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Organizational behavior studies the impact individuals, groups, and structures have on human behavior within organizations. It is an interdisciplinary field that includes sociology, psychology, communication, and management. Organizational behavior complements organizational theory, which focuses on organizational and intra-organizational topics, and complements human-resource studies, which is more focused on everyday business practices.
Organizational studies encompass the study of organizations from multiple perspectives, methods, and levels of analysis. "Micro" organizational behavior refers to individual and group dynamics in organizations. "Macro" strategic management and organizational theory studies whole organizations and industries, especially how they adapt, and the strategies, structures, and contingencies that guide them. Some scholars also include the categories of "meso"-scale structures, involving power, culture, and the networks of individuals in organizations, and "field"-level analysis, which studies how entire populations of organizations interact.
Many factors come into play whenever people interact in organizations. Modern organizational studies attempt to understand and model these factors. Organizational studies seek to control, predict, and explain. Organizational behavior can play a major role in organizational development, enhancing overall organizational performance, as well as also enhancing individual and group performance, satisfaction, and commitment.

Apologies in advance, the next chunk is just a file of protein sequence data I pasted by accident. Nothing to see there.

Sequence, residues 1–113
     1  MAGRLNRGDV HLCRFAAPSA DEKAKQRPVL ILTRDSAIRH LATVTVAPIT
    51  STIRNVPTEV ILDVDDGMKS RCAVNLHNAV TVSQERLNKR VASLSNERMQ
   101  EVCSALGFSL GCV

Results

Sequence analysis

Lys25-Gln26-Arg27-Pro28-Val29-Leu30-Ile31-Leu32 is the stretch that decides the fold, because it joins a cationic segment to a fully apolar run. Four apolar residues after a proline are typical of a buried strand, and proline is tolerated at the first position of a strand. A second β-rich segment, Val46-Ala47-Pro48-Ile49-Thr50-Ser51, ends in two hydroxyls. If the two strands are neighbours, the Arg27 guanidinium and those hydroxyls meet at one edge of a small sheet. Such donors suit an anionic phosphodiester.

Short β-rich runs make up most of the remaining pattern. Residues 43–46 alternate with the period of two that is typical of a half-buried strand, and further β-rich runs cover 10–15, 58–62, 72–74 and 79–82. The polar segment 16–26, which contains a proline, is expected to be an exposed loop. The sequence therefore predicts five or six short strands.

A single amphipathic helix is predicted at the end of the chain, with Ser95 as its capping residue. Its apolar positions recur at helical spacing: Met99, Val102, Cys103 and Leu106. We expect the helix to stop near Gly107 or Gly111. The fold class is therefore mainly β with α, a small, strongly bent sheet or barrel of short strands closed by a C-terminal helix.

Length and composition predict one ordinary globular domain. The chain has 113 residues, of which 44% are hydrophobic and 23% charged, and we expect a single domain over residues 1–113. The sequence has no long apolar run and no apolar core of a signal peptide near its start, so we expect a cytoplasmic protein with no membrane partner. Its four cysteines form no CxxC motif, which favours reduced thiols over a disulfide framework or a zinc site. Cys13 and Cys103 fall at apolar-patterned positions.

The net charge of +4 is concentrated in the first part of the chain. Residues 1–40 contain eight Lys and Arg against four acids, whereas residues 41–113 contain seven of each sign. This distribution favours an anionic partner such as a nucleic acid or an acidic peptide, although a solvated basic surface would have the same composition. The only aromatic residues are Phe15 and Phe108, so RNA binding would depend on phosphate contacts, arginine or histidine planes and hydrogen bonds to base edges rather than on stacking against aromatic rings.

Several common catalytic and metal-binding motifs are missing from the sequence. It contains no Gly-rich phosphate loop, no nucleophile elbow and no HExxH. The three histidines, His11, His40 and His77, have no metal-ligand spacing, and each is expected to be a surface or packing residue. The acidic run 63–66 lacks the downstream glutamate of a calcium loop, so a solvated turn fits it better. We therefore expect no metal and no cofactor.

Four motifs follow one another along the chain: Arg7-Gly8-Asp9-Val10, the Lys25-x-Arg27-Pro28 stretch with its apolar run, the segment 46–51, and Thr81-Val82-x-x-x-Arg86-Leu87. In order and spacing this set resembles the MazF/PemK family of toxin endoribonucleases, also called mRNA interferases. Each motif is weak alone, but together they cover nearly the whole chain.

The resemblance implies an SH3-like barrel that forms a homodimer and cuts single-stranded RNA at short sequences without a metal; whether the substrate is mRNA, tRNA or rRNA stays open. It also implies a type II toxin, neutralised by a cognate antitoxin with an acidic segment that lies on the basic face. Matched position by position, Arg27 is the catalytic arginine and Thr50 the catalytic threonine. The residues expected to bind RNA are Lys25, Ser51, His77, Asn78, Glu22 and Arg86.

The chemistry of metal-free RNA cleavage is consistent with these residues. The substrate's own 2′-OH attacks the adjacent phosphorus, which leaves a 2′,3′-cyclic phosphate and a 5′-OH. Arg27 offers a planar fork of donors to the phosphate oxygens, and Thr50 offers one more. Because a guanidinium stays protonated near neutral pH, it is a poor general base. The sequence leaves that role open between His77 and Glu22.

Topics in Organizational Behavior
Organizational behavior is particularly relevant in the field of management due to the fact that it encompasses many of the issues managers face on a daily basis. Concepts such as leadership, decision making, team building, motivation, and job satisfaction are all facets of organizational behavior and responsibilities of management. Understanding not only how to delegate tasks and organize resources but also how to analyze behavior and motivate productivity is critical for success in management.
Organizational behavior also deals heavily in culture. Company or corporate culture is difficult to define but is extremely relevant to how organizations behave. A Wall Street stock-trading company, for example, will have a dramatically different work culture than an academic department at a university. Understanding and defining these work cultures and the behavioral implications they embed organizationally is also a central topic in organizational behavior.